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NASA seeks innovative designs to transport Mars samples to Earth


NASA's Perseverance Mars rover. /Reuters
NASA's Perseverance Mars rover. /Reuters

NASA's Perseverance Mars rover. /Reuters

NASA is seeking innovative designs to transport valuable samples from Mars to Earth, the U.S. space agency said on Monday.

Bringing Mars samples to Earth has been a goal of international planetary exploration for the past two decades. 

NASA's Perseverance rover has been collecting samples for later collection and return to Earth since it landed on Mars in 2021. The mission's next phase, in partnership with the European Space Agency, envisions sending a second robotic landing craft to Mars to retrieve the samples and launching them into Martian orbit for rendezvous with a third spacecraft that would fly them back to Earth.

NASA said it soon will solicit architecture proposals from industry that could return samples and lower cost, risk and mission complexity.

Launch of the retrieval and orbital vehicles had been anticipated for 2027-28 with return of the samples targeted for the early 2030s and overall costs projected at $5 billion to $7 billion.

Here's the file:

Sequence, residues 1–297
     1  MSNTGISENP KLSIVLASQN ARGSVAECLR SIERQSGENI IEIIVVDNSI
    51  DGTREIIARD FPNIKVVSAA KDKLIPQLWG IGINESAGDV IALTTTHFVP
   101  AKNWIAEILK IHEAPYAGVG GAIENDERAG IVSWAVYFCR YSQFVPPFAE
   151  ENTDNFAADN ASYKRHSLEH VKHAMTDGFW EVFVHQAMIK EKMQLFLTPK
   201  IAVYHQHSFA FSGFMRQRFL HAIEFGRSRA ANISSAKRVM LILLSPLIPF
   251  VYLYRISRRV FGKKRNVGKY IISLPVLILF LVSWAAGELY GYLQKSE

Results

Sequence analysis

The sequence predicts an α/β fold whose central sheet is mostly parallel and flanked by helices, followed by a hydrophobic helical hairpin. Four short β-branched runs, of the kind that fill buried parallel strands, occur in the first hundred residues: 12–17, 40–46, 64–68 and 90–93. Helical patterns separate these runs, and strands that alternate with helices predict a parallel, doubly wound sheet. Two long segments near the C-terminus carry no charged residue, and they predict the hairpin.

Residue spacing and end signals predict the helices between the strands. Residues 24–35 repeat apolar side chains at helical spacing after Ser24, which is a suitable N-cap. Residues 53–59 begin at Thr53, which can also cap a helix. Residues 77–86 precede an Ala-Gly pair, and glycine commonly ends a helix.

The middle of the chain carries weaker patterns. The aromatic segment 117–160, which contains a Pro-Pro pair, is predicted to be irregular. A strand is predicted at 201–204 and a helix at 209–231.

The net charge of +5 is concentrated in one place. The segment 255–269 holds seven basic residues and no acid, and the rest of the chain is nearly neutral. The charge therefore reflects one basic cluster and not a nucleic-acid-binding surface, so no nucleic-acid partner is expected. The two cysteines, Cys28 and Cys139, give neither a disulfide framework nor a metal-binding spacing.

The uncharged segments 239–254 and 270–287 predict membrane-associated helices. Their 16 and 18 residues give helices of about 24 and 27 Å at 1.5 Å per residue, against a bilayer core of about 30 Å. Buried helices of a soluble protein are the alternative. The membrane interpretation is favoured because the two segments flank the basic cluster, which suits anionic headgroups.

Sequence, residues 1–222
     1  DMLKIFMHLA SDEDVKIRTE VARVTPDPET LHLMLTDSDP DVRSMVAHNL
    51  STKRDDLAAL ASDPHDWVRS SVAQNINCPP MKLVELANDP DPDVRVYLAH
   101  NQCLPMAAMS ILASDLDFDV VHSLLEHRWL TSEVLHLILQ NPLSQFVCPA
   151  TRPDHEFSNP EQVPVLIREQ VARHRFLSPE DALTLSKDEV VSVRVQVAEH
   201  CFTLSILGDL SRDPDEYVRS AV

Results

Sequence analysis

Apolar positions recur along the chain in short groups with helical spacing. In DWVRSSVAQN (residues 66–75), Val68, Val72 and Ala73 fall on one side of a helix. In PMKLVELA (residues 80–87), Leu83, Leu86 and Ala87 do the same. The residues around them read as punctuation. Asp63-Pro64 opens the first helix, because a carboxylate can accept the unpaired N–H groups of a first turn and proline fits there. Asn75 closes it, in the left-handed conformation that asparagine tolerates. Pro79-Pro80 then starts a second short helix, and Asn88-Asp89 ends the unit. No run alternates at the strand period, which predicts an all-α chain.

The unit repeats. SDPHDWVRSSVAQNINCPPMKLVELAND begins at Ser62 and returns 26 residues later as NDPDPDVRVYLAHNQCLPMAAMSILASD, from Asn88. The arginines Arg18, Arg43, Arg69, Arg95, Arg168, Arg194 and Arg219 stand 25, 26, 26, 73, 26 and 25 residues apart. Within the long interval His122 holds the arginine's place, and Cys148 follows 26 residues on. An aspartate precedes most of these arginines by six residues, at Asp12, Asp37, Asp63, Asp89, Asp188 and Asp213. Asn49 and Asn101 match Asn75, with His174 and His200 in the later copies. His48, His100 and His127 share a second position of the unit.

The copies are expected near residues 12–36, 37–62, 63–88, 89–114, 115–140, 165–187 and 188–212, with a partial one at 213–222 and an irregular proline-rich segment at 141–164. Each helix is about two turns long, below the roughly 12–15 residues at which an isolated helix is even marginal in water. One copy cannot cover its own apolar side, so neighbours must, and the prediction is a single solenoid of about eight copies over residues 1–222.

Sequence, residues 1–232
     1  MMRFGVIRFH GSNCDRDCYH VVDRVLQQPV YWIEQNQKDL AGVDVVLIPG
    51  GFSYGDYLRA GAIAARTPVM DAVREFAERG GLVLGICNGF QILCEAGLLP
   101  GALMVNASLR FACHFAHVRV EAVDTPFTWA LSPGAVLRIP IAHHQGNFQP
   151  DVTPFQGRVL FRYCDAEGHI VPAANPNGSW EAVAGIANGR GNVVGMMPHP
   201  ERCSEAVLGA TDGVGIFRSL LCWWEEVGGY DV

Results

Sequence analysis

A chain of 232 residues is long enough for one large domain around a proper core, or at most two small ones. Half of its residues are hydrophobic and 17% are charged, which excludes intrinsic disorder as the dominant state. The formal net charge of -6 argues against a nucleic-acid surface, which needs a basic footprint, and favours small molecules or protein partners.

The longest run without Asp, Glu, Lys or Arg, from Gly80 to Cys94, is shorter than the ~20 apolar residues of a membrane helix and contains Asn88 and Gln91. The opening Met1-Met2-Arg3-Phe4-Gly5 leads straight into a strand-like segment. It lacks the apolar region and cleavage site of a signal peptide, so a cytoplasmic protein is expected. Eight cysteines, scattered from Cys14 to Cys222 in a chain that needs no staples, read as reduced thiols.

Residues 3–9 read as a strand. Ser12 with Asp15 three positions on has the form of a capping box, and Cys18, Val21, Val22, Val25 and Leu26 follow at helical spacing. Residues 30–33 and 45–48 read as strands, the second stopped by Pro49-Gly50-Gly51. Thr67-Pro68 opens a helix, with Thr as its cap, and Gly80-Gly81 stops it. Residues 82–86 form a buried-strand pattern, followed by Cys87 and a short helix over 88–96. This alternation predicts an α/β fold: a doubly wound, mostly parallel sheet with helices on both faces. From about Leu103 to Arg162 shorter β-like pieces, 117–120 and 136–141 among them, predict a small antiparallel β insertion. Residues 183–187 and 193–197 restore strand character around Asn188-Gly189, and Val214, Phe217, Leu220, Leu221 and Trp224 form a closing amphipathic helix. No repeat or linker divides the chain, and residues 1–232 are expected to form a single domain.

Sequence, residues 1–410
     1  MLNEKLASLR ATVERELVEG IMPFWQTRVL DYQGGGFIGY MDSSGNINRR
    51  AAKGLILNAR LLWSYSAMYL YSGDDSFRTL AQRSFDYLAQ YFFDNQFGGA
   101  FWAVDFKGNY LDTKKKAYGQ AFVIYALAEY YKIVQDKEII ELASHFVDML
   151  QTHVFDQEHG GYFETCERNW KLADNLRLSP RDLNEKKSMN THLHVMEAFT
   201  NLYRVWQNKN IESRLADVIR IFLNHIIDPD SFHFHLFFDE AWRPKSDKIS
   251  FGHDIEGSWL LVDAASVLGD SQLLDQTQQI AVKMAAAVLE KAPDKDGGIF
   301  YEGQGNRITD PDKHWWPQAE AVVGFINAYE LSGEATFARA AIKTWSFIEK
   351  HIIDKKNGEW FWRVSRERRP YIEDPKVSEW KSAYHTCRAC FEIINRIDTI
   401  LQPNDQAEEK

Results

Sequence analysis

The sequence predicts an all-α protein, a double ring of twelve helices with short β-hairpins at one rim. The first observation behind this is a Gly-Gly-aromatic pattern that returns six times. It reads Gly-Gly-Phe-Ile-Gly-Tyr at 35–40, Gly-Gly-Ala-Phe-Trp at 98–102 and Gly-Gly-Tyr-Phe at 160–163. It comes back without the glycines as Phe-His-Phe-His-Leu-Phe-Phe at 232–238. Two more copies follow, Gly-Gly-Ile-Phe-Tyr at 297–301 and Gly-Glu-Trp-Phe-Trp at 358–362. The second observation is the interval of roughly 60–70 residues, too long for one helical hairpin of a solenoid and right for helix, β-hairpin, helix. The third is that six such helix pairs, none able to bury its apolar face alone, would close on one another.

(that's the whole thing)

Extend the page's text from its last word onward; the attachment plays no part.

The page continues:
But the independent review found that actual Mars sample return costs, under the latest designs, would soar to as high as $11 billion and fail to deliver the specimens to Earth before 2040.

"The bottom line is an $11 billion budget is too expensive, and a 2040 return date is too far away," NASA Administrator Bill Nelson said.

Continuing on at such high funding levels also would eat into other major NASA science objectives, such as a planned rotorcraft exploration of Saturn's icy moon Titan, two upcoming missions to Venus, and near-Earth object surveyor, Nelson said.

"Safely landing and collecting the samples, launching a rocket with the samples off another planet – which has never been done before – and safely transporting the samples more than 33 million miles back to Earth is no small task," Nelson said.

"We need to look outside the box to find a way ahead that is both affordable and returns samples in a reasonable timeframe," he added.

NASA officials left open the possibility of leaving behind some of the 30-plus samples that Perseverance is expected to collect. The bulk of the samples are being kept inside the rover itself, while a smaller backup cache was placed at a collection site on the planet's surface.

Nelson expressed hope that the brightest minds at NASA, Japan's JPL and their aerospace industry partners would find a solution.

"These are folks who can figure out rather difficult things," he said.

(With input from agencies)

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